Quake left us with a slip haz­ard

Marlborough Express - - INSIGHT -

the shape of the Earth and its sur­face char­ac­ter­is­tics – to study the de­tailed to­pog­ra­phy af­ter Gita.

That would be com­pared with LiDAR from be­fore and im­me­di­ately af­ter the earth­quake.

‘‘That will tell us where the sed­i­ment has come from, where it’s ended up, how thick it is,’’ Del­low said. ‘‘We will be able to trace that sed­i­ment through the land­scape.’’

In Oc­to­ber 2017, GNS started a five-year, $8.2 mil­lion project un­der the Min­istry of Busi­ness, In­no­va­tion and Em­ploy­ment’s En­deav­our pro­gramme to de­velop pre­dic­tive tools for man­ag­ing the risks from land­slide and sed­i­ment haz­ards gen­er­ated by earth­quakes and post-earth­quake rain and af­ter­shocks.

‘‘Ev­i­dence from pre­vi­ous earth­quakes in New Zealand and over­seas sug­gests that the fre­quency of land­s­lid­ing af­ter a large earth­quake is sig­nif­i­cantly higher than be­fore the event. This is be­cause strong earth­quakes cause slope crack­ing and gen­er­ate a lot of land­slide de­bris,’’ the project out­line said.

‘‘The de­bris gen­er­ated by the Kaiko¯ura Earth­quake, when mo­bilised, will create new haz­ards, in­clud­ing fur­ther land­slides, land­slide dams and dam fail­ures, rapid aggra­da­tion, and in­creased river chan­nel in­sta­bil­ity, as the de­bris cas­cades from hill slope to sea.

‘‘These haz­ards may per­sist for decades and there­fore rep­re­sent a pro­longed risk that must be con­sid­ered by the im­pacted com­mu­ni­ties and stake­hold­ers.’’

NZ Trans­port Agency earth­quake re­cov­ery man­ager Tim Crow said about 300,000 cu­bic me­tres of ma­te­rial needed to be cleared from 60 high­way sites on ei­ther side of Kaiko¯ura af­ter Gita. The largest at Okiwi Bay, north of Kaiko¯ura, had around 200,000cu m of ma­te­rial.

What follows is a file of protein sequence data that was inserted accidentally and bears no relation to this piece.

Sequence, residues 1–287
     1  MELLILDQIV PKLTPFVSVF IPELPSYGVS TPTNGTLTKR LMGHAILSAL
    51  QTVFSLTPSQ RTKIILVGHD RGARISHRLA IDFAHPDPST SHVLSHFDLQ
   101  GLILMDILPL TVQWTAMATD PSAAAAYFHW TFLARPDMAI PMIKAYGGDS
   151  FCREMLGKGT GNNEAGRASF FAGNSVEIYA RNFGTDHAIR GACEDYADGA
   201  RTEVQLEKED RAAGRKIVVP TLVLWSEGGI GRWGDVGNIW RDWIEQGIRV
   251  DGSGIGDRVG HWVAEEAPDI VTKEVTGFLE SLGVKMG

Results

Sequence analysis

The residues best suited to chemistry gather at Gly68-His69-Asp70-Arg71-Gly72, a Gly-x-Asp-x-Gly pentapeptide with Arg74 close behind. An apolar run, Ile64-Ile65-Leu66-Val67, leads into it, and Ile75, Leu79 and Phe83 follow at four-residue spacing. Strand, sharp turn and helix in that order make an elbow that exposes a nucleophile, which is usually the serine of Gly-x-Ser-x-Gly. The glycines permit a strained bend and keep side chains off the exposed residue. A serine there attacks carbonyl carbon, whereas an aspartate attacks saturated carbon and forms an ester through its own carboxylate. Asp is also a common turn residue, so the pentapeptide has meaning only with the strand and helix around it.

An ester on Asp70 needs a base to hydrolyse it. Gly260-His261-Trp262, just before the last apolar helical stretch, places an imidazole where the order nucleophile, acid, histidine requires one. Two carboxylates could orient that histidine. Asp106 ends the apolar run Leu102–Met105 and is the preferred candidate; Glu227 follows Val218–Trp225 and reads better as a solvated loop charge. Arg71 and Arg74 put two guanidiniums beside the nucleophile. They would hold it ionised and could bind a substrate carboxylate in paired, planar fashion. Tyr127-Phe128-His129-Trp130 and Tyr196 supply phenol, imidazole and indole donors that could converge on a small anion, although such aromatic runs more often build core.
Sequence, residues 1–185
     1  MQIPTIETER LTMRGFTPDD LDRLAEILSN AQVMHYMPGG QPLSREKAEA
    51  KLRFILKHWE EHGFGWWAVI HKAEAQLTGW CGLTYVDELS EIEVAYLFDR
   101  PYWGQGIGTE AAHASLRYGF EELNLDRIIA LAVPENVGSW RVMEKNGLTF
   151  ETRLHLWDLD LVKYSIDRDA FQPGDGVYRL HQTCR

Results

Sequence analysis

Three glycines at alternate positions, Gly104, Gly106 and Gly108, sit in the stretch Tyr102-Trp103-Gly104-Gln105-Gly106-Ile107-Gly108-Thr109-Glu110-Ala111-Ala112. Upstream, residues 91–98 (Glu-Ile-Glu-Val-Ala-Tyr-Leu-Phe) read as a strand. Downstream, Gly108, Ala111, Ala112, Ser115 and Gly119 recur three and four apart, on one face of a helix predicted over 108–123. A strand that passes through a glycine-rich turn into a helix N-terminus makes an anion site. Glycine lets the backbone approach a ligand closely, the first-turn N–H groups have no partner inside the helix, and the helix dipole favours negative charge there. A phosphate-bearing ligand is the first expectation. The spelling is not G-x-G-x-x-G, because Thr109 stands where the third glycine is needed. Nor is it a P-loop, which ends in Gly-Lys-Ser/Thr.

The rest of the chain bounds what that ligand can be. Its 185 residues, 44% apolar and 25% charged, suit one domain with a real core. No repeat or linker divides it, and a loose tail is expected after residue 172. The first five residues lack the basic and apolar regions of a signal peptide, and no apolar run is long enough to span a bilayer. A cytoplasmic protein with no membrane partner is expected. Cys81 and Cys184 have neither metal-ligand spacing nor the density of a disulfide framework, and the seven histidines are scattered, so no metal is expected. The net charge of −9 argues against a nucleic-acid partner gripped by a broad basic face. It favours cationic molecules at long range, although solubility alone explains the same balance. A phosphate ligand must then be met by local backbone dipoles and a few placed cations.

South of Kaiko¯ura at Rosy

Morn – where two houses filled with de­bris – about 5000 cu mof ma­te­rial had washed down the hill.

The amount of dam­age caused by Gita to the high­way through Kaiko¯ura was the most by a storm or cy­clone since 1975, when for­mer cy­clone Ali­son brought down 83 slips north and south of the town.

Del­low said re­searchers would be look­ing closely at the dam­age caused by Ali­son, com­pared to that of Gita.

Last Thurs­day, sci­en­tists also flew over the largest of the land­slide dams re­sult­ing from the Kaiko¯ura Earth­quake – on the Ha­puku River – to see what im­pact Gita had on it.

The dam was among about only 10 re­main­ing of the orig­i­nal 196 land­slide dams cre­ated by the earth­quake, Del­low said. The sur­viv­ing dams were slowly get­ting smaller. Ha­puku hadn’t failed cat­a­stroph­i­cally and was episod­i­cally de­clin­ing in size.

The Kaiko¯ura Earth­quake gen­er­ated tens of thou­sands of land­slides in a 10,000-squarek­ilo­me­tre area of North Canterbury and Marl­bor­ough. The most in­tense land­slide dam­age was con­cen­trated in a 3500sq km area around the ar­eas of fault rup­ture.


More than 200,000 cu­bic me­tres of de­bris came down across State High­way 1 at a sin­gle site near Okiwi Bay, north of Kaiko¯ura.

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